Expiration dates impermissible on gift certificates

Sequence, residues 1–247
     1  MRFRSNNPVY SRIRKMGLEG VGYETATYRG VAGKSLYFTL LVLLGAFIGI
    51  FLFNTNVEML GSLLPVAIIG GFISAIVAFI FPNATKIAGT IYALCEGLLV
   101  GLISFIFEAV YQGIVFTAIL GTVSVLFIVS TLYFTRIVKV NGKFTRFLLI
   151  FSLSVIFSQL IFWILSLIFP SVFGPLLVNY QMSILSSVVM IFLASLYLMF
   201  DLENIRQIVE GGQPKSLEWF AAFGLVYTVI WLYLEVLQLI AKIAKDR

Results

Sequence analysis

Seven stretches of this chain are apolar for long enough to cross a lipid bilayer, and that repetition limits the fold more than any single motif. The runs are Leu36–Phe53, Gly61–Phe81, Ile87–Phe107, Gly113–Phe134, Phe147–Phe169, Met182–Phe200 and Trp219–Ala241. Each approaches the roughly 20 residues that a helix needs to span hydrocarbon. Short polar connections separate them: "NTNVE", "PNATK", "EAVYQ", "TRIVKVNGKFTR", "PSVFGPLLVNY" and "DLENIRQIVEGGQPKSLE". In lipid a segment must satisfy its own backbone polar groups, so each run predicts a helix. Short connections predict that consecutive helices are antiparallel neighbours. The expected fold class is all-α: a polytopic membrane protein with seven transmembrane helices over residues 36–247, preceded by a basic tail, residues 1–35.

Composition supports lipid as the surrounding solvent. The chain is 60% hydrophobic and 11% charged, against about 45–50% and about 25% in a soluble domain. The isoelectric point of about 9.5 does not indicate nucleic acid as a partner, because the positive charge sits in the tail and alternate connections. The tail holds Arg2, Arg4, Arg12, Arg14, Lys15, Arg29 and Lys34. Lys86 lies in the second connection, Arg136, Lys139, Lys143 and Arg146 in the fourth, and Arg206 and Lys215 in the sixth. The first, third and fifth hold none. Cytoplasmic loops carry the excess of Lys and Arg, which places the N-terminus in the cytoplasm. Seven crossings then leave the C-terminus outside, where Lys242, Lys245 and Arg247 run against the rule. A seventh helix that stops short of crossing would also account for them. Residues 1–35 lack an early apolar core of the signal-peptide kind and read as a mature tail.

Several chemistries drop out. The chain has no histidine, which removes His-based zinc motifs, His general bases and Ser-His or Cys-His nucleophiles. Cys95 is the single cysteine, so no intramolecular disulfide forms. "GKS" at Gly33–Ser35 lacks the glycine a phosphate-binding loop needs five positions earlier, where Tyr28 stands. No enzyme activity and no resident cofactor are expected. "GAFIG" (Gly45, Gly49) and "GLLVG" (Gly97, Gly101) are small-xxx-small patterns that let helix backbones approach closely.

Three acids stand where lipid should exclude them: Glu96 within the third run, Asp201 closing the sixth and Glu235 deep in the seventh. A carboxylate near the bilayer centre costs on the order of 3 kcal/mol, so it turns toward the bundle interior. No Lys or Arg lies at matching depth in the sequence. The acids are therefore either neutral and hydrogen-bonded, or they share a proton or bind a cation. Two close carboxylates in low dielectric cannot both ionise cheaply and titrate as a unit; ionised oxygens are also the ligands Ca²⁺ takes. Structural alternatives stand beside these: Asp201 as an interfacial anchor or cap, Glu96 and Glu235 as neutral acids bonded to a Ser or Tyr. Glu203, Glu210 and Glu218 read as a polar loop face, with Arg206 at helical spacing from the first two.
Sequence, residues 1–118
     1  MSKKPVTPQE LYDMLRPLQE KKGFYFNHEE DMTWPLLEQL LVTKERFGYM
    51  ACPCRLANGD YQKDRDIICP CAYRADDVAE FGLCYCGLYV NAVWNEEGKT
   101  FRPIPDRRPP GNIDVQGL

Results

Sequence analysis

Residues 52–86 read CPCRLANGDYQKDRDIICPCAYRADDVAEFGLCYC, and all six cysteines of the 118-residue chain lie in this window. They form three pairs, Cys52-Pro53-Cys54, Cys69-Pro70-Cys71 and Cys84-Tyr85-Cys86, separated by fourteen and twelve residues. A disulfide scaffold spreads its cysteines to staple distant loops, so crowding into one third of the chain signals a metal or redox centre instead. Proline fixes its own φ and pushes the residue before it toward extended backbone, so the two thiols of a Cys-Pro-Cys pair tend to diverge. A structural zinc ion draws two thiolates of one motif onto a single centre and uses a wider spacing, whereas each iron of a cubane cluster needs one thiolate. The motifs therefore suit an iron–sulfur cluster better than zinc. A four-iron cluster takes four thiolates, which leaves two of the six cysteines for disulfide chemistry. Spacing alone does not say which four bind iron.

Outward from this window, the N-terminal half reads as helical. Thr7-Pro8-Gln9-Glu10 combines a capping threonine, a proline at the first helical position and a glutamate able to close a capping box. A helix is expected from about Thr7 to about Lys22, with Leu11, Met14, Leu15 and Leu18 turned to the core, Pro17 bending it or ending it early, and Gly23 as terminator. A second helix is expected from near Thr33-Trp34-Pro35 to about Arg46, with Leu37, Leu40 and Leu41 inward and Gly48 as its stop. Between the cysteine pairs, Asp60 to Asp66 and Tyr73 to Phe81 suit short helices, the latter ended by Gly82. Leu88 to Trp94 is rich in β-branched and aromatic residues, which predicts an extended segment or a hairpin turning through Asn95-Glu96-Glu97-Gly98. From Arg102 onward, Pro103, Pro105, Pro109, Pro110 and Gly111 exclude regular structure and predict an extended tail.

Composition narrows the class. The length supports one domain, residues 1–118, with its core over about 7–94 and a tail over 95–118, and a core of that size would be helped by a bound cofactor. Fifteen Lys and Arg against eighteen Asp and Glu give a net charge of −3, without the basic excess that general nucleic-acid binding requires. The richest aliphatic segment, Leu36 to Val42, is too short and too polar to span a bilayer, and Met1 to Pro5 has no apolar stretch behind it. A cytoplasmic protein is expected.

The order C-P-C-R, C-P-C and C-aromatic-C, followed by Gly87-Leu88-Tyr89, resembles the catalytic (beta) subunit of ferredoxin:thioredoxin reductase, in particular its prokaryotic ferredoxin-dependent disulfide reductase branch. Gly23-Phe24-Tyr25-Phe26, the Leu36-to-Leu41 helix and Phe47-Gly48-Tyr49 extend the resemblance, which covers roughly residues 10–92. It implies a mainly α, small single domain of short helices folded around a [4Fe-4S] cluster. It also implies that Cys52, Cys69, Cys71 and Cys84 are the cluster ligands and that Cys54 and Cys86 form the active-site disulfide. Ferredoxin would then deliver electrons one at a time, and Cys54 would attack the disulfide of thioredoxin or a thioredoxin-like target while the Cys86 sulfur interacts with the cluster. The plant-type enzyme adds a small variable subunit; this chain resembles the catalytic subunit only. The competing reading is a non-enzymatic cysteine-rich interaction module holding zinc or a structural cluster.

Gift certificates are big business. Some studies show that up to one-half of Christmas gifts come in the form of gift cards or certificates.Given the choice, would you rather have a gift certificate to your favorite store, or Aunt Minnie’s imitation diamond-encased tie tack or Uncle Buck’s “one-of-a-kind” fluorescent floor lamp purchased through United Airlines in-flight magazine?Well, here’s a little known secret about gift certificates.Don’t tell anyone, and certainly don’t let merchants know I tipped you off, but gift certificates purchased for California businesses do not expire. California is one of only five states that regulates expiration dates.No expiration dateWhen you buy a gift certificate after Jan. 1, 1998 for books at Barnes & Noble, or even locally, which I prefer you do, California law forbids an expiration date.Let me say that again.Even if you still have an old gift certificate issued after Jan. 1, 1998 that someone purchased for you that by its terms expired e.g., on Dec. 31, 2002, it is still valid.Several dozen lawsuits have been filed against national retailers for gift certificate violations. In almost every case, the business agreed to change its practice and eliminate expiration dates.Recapture feesA few clever merchants have added what are called “recapture fees” to the certificates that allow the business to accrue interest, e.g., $1.50 a month, after a certain period of time.Of course, after awhile the card has no value.Those fees are probably illegal in California. We will find out when these cases make it through the court system.There are three narrow exceptions for gift certificates purchased for use in California where the certificate may include an expiration date of no less than 30 daysPromotional exceptionCertificates that are “distributed by the issuer to a consumer pursuant to an awards, loyalty or promotional program without any money or other thing of value being given in exchange for the gift certificate by the consumer.”So if you receive an unsolicited certificate in the mail that expires in 30 days, that’s within the law.Employer/charity exceptionExpiration dates are permitted on gift certificates “that are sold below face value at a volume discount to employers or to non-profit and charitable organizations for fund-raising purposes if the expiration date on that gift certificate is not more than 30 days after the date of sale.”I am not sure what a gift certificate “sold below face value at a volume discount to an employer is.” Something an employer gives away to employees, I suppose.Gift certificates purchased for a volume discount for reuse by a charity for fund-raising may contain an expiration date.Food exceptionThe third exception is gift certificates that may be issued for a food product.Under all three exceptions, the expiration date must appear in capital letters in at least 10-point font on the front of the gift certificate.Again, these restrictions apply only to gift certificates that have been purchased.Jim Porter is an attorney with Porter – Simon, with offices in Truckee, South Lake Tahoe and Reno.He is a mediator and was the Governor’s appointee to the Bipartisan McPherson Commission and the California Fair Political Practices Commission. He may be reached at email@example.com or at the firm’s Web site, http://www.portersimon.com
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